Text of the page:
World Bank chief Malpass says won't quit over climate denial row

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WASHINGTON - World Bank president David Malpass said on Friday he had no plans to stand down, as he battles charges of climate denial for dodging questions on the role of man-made emissions in global warming.

"Not resigning," Malpass said in an interview with Politico, when asked if he had envisaged quitting over the firestorm caused by his comments at a conference on climate finance - which he has since moved to clarify.

"Nor have I" considered it, he said, affirming that none of the bank's member countries had asked him to leave.

Climate activists had previously called for Malpass to be removed for what they say is an inadequate approach to the climate crisis - and the chorus grew louder after his appearance at the New York Times-organised conference this week.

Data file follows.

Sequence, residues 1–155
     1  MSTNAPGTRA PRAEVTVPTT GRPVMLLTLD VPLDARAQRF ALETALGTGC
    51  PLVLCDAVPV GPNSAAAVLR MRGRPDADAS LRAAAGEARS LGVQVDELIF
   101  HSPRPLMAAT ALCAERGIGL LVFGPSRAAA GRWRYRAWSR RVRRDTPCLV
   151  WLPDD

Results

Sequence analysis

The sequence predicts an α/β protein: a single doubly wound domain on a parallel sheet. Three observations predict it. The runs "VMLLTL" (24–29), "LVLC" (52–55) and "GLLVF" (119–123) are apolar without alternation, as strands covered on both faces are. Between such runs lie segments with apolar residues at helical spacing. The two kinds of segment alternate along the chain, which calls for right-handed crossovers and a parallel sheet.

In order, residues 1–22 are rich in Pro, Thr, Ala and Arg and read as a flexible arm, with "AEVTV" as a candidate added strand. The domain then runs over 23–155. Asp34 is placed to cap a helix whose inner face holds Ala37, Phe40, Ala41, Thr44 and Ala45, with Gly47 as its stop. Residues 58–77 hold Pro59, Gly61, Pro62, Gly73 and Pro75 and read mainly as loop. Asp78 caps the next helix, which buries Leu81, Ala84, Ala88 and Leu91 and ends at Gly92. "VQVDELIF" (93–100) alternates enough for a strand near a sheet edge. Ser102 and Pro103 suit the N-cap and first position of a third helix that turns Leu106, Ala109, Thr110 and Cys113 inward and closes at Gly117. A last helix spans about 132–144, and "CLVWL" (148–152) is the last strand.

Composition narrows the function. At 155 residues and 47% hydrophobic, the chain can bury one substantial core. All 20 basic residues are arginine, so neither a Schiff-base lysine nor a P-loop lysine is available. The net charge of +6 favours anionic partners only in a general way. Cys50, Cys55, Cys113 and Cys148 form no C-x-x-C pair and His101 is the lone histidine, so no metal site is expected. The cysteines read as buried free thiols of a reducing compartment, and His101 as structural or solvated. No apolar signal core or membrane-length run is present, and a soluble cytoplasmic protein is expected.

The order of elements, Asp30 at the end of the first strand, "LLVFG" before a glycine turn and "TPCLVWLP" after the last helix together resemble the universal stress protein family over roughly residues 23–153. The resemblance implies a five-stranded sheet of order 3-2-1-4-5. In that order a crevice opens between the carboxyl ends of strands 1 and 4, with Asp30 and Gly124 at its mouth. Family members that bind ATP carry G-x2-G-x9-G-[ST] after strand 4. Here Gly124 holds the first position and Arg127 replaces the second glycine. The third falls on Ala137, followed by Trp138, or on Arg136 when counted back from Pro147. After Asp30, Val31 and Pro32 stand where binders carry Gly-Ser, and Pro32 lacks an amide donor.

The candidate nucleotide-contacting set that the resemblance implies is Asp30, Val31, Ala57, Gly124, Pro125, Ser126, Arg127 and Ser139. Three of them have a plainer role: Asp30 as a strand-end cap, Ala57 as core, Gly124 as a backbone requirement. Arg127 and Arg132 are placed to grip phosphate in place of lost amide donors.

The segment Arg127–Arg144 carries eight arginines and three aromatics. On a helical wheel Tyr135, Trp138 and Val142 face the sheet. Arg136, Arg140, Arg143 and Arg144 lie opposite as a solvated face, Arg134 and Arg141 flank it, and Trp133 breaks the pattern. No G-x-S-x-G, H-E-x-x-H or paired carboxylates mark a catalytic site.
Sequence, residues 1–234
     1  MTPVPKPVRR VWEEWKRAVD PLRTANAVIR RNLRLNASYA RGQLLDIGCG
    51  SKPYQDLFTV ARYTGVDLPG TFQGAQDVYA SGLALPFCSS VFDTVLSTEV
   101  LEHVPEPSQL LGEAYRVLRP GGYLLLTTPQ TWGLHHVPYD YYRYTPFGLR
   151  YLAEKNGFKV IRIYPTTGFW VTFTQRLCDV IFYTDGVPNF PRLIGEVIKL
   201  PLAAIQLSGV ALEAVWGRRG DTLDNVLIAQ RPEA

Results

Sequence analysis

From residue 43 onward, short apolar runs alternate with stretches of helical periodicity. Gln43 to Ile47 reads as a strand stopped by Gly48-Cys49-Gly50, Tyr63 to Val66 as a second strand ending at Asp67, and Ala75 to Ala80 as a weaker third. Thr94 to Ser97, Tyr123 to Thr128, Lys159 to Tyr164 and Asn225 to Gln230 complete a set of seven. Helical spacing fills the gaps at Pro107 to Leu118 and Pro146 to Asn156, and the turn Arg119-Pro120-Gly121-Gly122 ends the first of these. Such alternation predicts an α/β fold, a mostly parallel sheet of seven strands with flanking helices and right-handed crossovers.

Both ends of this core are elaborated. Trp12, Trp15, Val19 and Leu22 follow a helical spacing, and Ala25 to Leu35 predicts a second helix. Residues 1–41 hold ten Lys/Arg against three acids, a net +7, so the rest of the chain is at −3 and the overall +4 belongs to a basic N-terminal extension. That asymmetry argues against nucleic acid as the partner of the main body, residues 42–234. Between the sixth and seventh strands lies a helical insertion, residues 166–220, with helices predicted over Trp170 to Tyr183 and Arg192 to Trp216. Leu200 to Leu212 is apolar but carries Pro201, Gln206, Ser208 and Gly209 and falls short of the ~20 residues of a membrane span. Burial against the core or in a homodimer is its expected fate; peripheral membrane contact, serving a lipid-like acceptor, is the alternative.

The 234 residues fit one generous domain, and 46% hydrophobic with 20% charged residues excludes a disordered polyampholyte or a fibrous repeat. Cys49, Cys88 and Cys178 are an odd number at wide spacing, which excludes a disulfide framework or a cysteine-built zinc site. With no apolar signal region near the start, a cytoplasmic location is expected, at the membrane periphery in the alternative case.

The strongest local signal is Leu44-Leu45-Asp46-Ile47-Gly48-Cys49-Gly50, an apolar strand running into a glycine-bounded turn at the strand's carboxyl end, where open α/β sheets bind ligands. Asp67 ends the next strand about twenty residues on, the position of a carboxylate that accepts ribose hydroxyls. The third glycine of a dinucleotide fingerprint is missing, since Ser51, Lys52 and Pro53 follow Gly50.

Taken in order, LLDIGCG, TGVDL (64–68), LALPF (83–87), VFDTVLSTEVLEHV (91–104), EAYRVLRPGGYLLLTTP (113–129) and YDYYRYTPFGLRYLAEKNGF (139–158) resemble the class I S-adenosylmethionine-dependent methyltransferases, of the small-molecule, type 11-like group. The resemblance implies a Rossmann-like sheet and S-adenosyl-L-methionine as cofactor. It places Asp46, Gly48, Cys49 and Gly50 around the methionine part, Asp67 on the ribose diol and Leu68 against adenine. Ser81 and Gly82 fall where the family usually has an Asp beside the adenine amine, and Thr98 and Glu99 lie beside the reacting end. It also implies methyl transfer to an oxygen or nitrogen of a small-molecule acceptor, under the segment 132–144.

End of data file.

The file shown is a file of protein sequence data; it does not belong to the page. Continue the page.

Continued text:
Pressed on stage to respond to a claim by former US vice president Al Gore that he was a climate denier, Malpass declined multiple times to say whether he believed man-made emissions were warming the planet - responding, "I'm not a scientist."

Under mounting fire, Malpass has moved to clarify his position and did so again on Friday.

"Look, it's clear that greenhouse gas emissions from human activity are adding to, are causing climate change," he told Politico. "And so the task for us, for the world, is to pull together the projects and the funding that actually has an impact."

In an interview with CNN a day earlier, he had likewise acknowledged that climate-warming emissions were "coming from manmade sources, including fossil fuels, methane, agricultural uses and industrial uses."

"I'm not a denier," he told the network, adding that his message had been "tangled" and he was "not always good at conveying" what he means.

The head of the World Bank is traditionally an American, while the leader of the other big international lender in Washington, the IMF, tends to be European.

Malpass is a veteran of...

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